By Cork Graham, GlobalCounterTerror.com
First there’s the conspiracy theory: The US Government is buying out all available ammunition, and telling the manufacturers to not sell anymore ammo to the civilian populace—In other words, the US Government is getting ready for a major, economic and societal shift that will result in all out Civil War, and as many know, those with the most toys, wins!
Then there’s other notion: gun shops are hoarding their ammo and only letting some of it out as they push the prices up even further–$17.49 for a 50 rounds box of .22 Long Rifle?! Just last year it was $9 for a box of 500 rounds!
Another idea launched is that there are so many survivalists, preppers, and newbie/wannabe preppers (they want to prep; can’t afford a gun, but a box of ammo, they can), who are hoarding ammo, either as something to barter, or are just hoarders subconsciously driven to fight scarcity, who now have a new item with which to fill their homes.
And, there’s yet another notion, where the manufacturers were completely taken aback by how effective President Obama has been in creating such divide American people, fearful that he’s taking us down the road of a dictatorship through Executive Order, and removing the Second Amendment, which was put there to protect against tyranny of any form—ironically, especially considering how anti-gun the president has been, no other president in US history has done the gun and ammunition business as good as has Obama highest gun and ammo sales, ever.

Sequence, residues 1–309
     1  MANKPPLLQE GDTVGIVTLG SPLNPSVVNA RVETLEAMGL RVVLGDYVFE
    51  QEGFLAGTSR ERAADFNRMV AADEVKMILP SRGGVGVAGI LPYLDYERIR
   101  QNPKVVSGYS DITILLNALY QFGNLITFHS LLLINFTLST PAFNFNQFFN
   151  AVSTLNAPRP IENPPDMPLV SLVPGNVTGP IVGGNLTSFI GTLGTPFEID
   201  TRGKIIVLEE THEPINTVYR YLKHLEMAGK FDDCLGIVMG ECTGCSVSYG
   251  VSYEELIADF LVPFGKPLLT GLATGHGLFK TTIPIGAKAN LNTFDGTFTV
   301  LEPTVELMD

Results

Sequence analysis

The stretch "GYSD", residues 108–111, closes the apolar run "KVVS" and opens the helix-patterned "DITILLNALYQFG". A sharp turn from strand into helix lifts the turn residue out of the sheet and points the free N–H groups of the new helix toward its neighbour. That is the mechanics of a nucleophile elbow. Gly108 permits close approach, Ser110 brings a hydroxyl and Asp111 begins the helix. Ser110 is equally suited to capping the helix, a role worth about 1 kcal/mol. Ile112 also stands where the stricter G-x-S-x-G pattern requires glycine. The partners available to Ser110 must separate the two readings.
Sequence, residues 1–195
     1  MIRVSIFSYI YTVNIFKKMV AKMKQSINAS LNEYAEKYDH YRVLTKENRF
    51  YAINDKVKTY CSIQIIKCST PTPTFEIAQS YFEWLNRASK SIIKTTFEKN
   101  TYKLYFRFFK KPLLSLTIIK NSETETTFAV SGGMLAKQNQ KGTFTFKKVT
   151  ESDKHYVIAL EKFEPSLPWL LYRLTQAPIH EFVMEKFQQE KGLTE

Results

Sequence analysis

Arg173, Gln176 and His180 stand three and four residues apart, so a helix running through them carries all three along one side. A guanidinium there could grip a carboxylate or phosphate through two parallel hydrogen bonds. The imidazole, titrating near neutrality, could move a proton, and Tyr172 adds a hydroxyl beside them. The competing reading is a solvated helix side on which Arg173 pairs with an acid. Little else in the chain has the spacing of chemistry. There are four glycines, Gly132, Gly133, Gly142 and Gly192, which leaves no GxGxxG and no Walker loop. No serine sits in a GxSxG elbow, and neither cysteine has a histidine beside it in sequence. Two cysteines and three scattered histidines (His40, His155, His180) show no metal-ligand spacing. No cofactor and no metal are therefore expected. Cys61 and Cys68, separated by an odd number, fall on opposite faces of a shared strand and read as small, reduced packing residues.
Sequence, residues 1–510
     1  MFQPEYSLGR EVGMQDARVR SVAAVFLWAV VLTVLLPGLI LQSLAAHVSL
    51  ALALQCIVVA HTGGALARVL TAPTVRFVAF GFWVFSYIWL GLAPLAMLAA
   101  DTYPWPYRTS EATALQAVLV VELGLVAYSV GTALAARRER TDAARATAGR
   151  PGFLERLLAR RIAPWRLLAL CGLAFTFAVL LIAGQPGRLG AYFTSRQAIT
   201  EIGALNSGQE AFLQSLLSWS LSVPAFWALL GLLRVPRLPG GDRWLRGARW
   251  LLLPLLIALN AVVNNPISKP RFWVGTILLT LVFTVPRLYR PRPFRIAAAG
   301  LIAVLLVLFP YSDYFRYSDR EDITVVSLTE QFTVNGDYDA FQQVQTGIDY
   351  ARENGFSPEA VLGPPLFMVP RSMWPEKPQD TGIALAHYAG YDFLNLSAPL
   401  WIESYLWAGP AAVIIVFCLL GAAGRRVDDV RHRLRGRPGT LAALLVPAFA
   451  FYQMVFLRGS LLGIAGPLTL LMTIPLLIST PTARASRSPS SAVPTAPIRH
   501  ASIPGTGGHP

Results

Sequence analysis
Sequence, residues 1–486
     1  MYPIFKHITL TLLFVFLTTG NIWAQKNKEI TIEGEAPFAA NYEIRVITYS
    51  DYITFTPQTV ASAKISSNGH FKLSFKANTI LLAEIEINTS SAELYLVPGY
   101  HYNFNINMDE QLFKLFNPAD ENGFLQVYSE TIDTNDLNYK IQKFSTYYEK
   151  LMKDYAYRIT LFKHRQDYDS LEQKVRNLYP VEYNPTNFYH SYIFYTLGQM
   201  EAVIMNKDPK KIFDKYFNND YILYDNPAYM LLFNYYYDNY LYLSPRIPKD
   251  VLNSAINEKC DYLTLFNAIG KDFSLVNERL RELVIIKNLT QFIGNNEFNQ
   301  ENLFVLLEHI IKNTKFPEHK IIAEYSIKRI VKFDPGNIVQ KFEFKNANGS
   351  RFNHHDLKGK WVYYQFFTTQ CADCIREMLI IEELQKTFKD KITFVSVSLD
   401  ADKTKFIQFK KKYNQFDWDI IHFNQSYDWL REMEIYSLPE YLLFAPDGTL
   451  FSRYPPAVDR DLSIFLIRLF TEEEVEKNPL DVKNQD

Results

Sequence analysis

…As is often the case, the truth is somewhere in between the extremes.
Here’s the clincher, what none of the commentators mention is one other point: we’re running out of soft metals! In scientific circles, this is called “Peak Copper” and “Peak Minerals.” This is when what were easy to extract metals become fewer, and we phase to expensive and smaller returns on energy expended to get those metals.
China, India and Russia
Part of the strain on copper resources, and for that matter soft metals, is the massive industrialization that has ramped up in China and India in the last ten years—with no end in sight. Demand has become so large from these two nations that a booming business in copper theft has exploded in the United States. They need copper for their own construction needs and will stop at nothing to get it. Just a few years ago, a gas and electric company was the victim of copper wire theft that would have resulted in millions of dollars of copper wire being shipped to China.
Russian arms manufacturers, recognizing this increasing lack of copper, and how brass is an alloy comprised of copper and zinc, have been producing soft steel cases for a variety of cartridges, most notably the AK47 rounds and the American market of 5.56 NATO. Soft metals are being depleted, and the many wars we’ve had over the last 60 years have added up to our selling off and shooting our finite natural resources in foreign lands, basically making them the natural resources for recycling in those countries in which we’ve fought.